As used herein, “vascular disease” refers to coronary artery diseases or disorders, carotid artery diseases or disorders and/or peripheral artery diseases or disorders such as known or become known in the art.
In particular, at present, the implantable medical device of this invention may be used to treat or prevent atherosclerosis, restenosis and vulnerable plaque.
Atherosclerosis is a disease of the arterial intima wherein the formation of fibrous plaques resulting from the deposition of fatty substances, cholesterol, cellular waste products and the like in the inner lining of an artery leads to stenosis/occlusion of the lumen of the artery. The arteries of the brain, heart, kidneys and other vital organs as well as those of the arms and legs may be affected. Atherosclerosis of the arteries of the brain, in particular the carotid arteries, may result in a stroke while atherosclerosis of the arteries of the heart may lead to a myocardial infarction, i.e., a heart attack.
Restenosis refers to the re-narrowing or blockage of an artery (i.e., the recurrence of a stenosis) at the same site where angioplasty was previously performed. It is usually due to thrombosis and vascular injury accompanied by renewed smooth muscle cell proliferation. Prior to the advent of implantable stents to maintain the patency of vessels opened by angioplasty, restenosis occurred in 40-50% of patients within 3 to 6 months of undergoing the procedure. Post-angioplasty restenosis before stents was due primarily to neointimal hyperplasia at the site of the procedure. While stents have reduced the occurrence of restenosis substantially, they themselves are also susceptible to restenosis due to abnormal tissue growth at the site of implantation. This form of restenosis tends to also occur at 3 to 6 months after stent placement but it is not affected by the use of anti-clotting drugs. Rather, such drugs as sirolimus and more recently everolimus and 17-allylamino-17-demethoxygeldanamycin have been used or suggested for localized delivery at the site of stent placement to reduce the incidence of restenosis.
A vulnerable plaque refers to an atheromatous plaque that has a very thin wall separating a lipid-laden core from the lumen of an artery. The thinness of the wall renders the plaque susceptible or vulnerable to rupture. When the plaque ruptures, tissue factor, lipids and cholesterol crystals are exposed to the blood flow causing the formation of blood clots that may result in narrowing or complete blockage of the lumen. The debris is released into the arterial lumen and is transported by blood flow to other parts of the vasculature where the size of the debris particles causes them to be trapped at smaller vessels such as capillaries resulting in obstruction with potential serious consequences. Furthermore, rupture of an atheroma may result in bleeding from the lumen of the artery into the tissue of the atheroma resulting in an increase in size of the of the atheroma to the point that it may narrow or completely obstruct the lumen. In addition, the formation of blood clots at the site of atheroma rupture may itself result in narrowing or complete blockage of the lumen.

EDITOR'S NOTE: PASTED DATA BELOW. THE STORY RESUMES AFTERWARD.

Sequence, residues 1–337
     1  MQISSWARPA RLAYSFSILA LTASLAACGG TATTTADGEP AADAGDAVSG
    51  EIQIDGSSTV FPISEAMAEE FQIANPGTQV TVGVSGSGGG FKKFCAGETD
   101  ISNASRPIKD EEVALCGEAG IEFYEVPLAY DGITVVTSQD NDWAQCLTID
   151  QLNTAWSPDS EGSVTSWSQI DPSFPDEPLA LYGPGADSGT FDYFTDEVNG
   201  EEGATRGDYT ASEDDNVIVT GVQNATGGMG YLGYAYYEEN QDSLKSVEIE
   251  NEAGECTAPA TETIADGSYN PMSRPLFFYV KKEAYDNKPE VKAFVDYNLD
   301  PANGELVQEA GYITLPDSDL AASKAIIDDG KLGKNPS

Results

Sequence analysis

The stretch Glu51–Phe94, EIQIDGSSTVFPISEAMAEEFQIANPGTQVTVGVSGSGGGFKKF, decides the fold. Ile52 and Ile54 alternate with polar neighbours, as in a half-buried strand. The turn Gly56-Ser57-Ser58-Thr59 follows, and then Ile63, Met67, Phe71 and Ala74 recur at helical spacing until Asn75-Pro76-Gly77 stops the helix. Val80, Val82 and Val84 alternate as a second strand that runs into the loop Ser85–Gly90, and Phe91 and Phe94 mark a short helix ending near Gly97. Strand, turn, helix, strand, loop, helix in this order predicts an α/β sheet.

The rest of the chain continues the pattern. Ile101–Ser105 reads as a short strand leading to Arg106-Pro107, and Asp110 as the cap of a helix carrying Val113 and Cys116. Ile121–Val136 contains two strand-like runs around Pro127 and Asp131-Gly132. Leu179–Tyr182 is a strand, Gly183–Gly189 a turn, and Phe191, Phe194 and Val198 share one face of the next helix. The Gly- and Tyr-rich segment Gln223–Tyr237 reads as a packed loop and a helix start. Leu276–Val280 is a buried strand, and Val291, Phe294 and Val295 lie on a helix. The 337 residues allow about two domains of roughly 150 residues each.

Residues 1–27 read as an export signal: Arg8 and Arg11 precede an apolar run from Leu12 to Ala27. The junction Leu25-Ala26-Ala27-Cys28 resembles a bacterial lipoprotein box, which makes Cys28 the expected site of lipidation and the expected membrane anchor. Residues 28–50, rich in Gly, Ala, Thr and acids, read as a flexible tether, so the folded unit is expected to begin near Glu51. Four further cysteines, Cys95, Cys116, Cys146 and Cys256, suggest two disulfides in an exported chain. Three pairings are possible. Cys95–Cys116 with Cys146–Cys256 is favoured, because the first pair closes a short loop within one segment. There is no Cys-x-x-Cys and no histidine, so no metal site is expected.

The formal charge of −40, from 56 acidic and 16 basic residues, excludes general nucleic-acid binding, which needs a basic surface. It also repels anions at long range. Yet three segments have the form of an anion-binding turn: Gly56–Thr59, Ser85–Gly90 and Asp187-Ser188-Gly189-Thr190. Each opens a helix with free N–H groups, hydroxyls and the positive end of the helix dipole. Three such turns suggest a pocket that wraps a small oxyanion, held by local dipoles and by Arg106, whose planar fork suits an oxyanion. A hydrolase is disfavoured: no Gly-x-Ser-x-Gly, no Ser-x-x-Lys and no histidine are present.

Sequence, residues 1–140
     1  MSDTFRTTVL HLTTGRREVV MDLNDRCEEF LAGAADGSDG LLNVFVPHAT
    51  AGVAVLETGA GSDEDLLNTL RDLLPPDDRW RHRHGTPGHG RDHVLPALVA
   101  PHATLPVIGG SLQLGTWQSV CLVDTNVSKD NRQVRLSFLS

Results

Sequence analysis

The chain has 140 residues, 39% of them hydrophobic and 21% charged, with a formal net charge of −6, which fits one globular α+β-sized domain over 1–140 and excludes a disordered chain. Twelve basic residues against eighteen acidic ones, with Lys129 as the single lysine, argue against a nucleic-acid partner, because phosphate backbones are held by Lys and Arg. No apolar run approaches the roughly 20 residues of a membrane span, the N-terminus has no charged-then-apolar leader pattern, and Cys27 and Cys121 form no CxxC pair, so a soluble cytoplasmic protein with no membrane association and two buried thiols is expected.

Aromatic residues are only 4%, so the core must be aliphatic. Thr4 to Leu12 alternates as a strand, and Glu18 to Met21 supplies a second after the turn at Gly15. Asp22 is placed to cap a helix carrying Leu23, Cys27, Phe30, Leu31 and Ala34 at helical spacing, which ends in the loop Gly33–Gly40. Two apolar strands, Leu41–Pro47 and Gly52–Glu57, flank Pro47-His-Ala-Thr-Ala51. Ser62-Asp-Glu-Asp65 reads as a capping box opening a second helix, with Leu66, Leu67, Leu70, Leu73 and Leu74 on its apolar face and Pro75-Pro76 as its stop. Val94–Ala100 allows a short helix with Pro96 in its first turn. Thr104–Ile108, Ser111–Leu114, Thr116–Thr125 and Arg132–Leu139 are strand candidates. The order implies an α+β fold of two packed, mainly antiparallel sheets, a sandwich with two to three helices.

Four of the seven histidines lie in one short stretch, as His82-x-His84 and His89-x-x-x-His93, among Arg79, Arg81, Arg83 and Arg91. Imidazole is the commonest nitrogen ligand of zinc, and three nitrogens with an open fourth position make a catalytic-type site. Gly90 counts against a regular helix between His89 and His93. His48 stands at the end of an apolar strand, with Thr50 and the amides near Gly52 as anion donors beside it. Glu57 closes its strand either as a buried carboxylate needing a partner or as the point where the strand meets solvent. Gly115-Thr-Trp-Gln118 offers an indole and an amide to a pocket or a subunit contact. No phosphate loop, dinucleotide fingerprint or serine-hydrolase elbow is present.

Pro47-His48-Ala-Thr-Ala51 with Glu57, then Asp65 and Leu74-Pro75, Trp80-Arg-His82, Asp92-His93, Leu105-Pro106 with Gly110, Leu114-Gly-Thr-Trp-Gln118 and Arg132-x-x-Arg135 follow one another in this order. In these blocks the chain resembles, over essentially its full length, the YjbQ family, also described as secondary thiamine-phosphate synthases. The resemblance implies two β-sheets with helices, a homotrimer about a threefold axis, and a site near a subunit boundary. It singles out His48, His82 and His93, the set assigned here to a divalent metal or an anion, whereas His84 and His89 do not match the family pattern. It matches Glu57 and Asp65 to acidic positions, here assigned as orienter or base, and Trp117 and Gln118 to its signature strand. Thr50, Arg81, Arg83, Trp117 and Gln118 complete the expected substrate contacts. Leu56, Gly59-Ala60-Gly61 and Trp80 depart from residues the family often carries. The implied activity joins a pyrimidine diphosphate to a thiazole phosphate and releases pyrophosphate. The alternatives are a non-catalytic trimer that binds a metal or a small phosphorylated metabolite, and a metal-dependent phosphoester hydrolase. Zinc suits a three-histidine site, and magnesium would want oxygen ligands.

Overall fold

As used herein, “known or suspected” to be afflicted with a vascular disease refers to the degree of certainty of the existence of the disease in a patient. To be afflicted with a “known” disease means that diagnostic testing has revealed with reasonable certainty a particular vascular disease located in a reasonable well-defined region of a patient's vasculature. An example of such a vascular disease is, without limitation, restenosis, the diagnosis and location of which in a patient's vasculature is well-established in the art. An example of a “suspected” vascular disease is, without limitation, vulnerable plaque which is difficult to diagnose and/or to locate in a patient's vasculature. Such indicators as temperature differences in the afflicted region of the vasculature compared to unaffected regions have been explored for their diagnostic utility but at present no reasonably certain method of diagnosis and locating vulnerable plaque has been reported. It is relatively well established, however, that vulnerable plaque tends to appear most frequently in the first third of the main coronary arteries measuring distally from the coronary ostia.